This afternoon, my youngest son had one of his few remaining middle school youth group activities; his activities are an hour and a half long, and the ride into town is 20 minutes, so instead of coming home and going back to get him, I killed the time at Relics Antique Mall.
As you might recall, gentle reader, I received four $25 gift certificates for Christmas, and they’re not gift cards–they’re old timey gift certificates, but the antique mall does not give change on them, so the best strategy is to spend a little over the face amount and pay the difference. Well, that’s the theory.
So I got some records.
Sundown Lady by Lani Hall, aka Mrs. Herb Alpert, but a noted singer (and author) in her own right. I actually own this album on CD, but now I can spin it in the parlor.
The Shape of Things To Come by Larry Elgart. I’ve got some of his other works and they’re okay, so I’ll spend $2 on another.
Steve & Eydie Together on Broadway by Steve Lawrence and Eydie Gorme. Apparently, I bought a copy in 2015, but if I’m not sure, I’ll spend the $2 to make sure. Besides, this is a radio station copy, so more collectible?
Family Portrait, an A&M Records sampler collection.
Watch Out! by the Baja Marimba Band. I probably already have this one, too, as I own a lot of this A&M band’s recordings, but it was gift certificate money, man, and I don’t see it in a quick search of previous Good Album Hunting/Good Record Hunting posts. Something interesting about this: It was in a different booth from the tag, and it had two Longine Symphonette records stuck in it. I took them out and left them at the booth where I was shopping, but this will likely cause all sorts of mayhem and perhaps my picture on the Relics Wall of Shame.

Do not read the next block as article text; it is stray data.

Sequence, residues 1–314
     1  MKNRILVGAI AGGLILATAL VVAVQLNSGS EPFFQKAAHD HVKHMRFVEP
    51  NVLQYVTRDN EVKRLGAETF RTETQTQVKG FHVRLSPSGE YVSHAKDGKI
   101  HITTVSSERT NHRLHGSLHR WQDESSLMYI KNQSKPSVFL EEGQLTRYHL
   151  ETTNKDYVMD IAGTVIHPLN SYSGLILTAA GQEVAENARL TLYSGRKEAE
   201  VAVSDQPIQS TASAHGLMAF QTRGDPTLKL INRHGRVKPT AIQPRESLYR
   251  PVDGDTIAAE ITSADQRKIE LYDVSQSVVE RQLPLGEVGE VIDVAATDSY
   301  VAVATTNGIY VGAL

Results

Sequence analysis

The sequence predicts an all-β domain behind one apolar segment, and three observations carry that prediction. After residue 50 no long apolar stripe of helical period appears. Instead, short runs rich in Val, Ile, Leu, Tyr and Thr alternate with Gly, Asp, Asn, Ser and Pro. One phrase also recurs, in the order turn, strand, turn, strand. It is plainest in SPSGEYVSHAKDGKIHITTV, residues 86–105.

Artie Shaw and His Gramercy Five
Crash and Burn by the Pat Travers Band because someone, I think it was Jack Baruth, posted about him once upon a time recently, although a quick search of his blog does not come up with a post about the band.
Hot Pennies by Red Nichols because he’s blowing a trumpet on the cover, and trumpet music is always in fashion at Nogglestead, home of the prettiest trumpet player in the world (leaving Cindy Bradley and Tine Thing Helseth to battle for the #2 spot).
Meet the Five Pennies by Red Nichols, because if I like him, I should buy all of them available right now.
Swingin’ ‘Round the World by Jonah Jones. When I bought the first album two years ago, I mentioned a second album that I did not buy. There’s no telling if it was this album that I saw. Certainly not this copy.
Brazilian Bird by Charlie Bird, another duplicate–I bought a copy in September 2020. This is the first record I picked up, so my trip was snakebitten with duplicates from the start.
So that’s twelve records with 3 or 4 duplicate copies and one an album I already had on another format. So maybe that’s not actually good album hunting.
Jeez, maybe I do really need to organize my record collection so I know what’s in it.
At Ace of Spades HQ, Perfesser Squirrel, who has taken over the Sunday Morning Book Thread after OregonMuse, PBUH, posts some recent book acquisitions:
I had a major book haul this week. The university library in which I work (but I do not work for) had a book sale. Managed to walk away with 20 books for the low, low price of $11. Not too shabby.
Here is my haul:
* The Mad Scientist’s Guide to World Domination edited by John Joseph Adams
* Downtiming the Night Side by Jack L. Chalker
* Lord of the Silent Kingdom by Glen Cook